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Black hole engines

21/04/2006. Contributed by Jessica Martin

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One billion miles per gallon - that's how far a car could travel if it were powered by a typical black hole. Scientists with NASA's Chandra X-ray Observatory recently arrived at this estimate after determining black holes are the most fuel-efficient engines in the universe, a discovery that highlights a black hole's economical performance and its benefits.

"Just as with cars, it's critical to know the fuel efficiency of black holes," said Stanford University's Steve Allen, lead author of the study. "Without this information, we cannot figure out what is going on under the hood, so to speak, or what the engine can do."

Observations made with Chandra show that as matter falls toward a supermassive black hole, it releases enormous amounts of energy. The surprise revelation is that most of this energy goes into producing immense jets of particles that erupt from it at nearly the speed of light.

The jets were discovered when images from Chandra showed something was blowing giant bubbles into gas clouds surrounding black holes. Scientists were able to estimate the strength of the jets by determining the force and size needed to form such cavities. Their intensity shows researchers that black holes make mind-bogglingly good use of available resources.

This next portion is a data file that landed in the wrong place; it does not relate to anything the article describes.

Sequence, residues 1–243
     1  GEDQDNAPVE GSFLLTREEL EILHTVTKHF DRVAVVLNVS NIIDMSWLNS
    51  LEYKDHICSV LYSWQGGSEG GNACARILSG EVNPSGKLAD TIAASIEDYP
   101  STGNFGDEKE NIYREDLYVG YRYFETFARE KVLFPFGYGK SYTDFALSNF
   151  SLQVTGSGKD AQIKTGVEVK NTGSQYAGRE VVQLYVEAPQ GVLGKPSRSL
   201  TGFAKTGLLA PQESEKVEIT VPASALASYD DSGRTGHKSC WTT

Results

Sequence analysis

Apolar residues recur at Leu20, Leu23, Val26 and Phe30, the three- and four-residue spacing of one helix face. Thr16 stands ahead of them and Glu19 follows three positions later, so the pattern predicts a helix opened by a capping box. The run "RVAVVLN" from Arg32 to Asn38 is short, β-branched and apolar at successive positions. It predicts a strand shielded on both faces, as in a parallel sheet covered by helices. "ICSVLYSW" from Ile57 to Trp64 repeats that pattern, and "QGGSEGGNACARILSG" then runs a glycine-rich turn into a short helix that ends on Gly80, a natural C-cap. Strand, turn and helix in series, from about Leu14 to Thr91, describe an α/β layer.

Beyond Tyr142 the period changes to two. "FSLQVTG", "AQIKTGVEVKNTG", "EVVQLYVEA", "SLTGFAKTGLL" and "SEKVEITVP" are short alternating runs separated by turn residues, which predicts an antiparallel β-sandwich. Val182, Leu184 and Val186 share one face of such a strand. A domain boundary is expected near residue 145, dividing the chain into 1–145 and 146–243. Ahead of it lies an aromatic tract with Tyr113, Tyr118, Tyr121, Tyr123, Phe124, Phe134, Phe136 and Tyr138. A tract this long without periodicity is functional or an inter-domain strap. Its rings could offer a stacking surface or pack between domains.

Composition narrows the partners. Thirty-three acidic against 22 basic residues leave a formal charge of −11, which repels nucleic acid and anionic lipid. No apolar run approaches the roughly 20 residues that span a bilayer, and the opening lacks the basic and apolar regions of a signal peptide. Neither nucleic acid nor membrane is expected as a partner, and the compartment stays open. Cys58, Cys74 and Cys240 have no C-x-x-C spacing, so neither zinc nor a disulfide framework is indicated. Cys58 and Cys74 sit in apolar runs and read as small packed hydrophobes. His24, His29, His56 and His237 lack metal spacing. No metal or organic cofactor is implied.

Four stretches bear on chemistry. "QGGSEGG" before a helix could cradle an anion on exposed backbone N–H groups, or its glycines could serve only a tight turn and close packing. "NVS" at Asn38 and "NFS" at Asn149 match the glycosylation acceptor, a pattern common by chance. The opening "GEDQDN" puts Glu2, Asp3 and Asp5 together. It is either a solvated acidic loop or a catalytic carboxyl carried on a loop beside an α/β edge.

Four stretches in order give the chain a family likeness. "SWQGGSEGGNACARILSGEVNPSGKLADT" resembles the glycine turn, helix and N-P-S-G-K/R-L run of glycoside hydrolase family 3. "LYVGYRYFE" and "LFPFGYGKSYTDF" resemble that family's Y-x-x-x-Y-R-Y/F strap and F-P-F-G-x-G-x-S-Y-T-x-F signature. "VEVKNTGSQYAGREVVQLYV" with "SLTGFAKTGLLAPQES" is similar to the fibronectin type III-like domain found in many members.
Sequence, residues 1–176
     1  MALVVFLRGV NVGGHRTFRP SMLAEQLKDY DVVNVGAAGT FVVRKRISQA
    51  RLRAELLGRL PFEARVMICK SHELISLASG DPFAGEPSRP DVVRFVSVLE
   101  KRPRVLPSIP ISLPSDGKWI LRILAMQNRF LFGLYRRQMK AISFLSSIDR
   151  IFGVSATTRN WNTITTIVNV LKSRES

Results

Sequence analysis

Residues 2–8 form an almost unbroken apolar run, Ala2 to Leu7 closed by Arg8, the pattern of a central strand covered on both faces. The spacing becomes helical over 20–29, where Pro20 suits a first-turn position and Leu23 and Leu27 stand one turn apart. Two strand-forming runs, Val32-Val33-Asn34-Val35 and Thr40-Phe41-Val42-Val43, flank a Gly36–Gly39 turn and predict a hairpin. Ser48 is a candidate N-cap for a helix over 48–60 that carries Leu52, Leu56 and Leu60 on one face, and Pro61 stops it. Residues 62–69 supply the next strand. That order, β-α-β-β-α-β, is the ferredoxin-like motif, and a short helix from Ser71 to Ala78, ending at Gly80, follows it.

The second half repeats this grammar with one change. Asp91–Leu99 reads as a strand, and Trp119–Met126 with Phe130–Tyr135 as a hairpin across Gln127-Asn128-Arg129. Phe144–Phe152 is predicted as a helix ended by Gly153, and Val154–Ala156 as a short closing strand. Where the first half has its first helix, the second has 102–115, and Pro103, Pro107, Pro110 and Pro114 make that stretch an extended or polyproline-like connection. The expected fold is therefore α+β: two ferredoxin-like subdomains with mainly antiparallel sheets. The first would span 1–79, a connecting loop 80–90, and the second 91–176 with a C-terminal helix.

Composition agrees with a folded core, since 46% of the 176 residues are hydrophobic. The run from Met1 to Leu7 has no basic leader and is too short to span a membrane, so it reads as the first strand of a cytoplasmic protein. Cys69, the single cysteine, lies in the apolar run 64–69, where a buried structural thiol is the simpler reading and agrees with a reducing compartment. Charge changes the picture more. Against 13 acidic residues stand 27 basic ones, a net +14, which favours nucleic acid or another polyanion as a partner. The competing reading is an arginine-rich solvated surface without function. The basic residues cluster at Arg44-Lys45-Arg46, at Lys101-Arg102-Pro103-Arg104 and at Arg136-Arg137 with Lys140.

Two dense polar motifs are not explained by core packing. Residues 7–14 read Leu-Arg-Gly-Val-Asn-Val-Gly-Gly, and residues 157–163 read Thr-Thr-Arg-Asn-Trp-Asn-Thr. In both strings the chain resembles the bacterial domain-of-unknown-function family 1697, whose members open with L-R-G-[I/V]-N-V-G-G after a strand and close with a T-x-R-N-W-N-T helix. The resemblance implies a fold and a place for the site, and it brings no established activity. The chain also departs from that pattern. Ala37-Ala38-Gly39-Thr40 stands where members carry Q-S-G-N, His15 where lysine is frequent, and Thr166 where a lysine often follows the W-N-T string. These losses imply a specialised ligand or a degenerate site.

"If a car was as fuel-efficient as these black holes, it could theoretically travel over a billion miles on a gallon of gas," said co-author Christopher Reynolds of the University of Maryland.

Engines, of course, perform work. In the case of black holes, the results of this study suggest the job of their jets is to possibly limit the numbers of stars that form near them.

Untold numbers of stars could condense from a black hole's hot gas clouds if the clouds are allowed to cool enough. The unbridled process could sprout billions of extra stars, perhaps crowding the cosmic neighborhood. The high-velocity jets stop this from happening by keeping cloud temperatures high and star formation in check.

More over at www.nasa.gov

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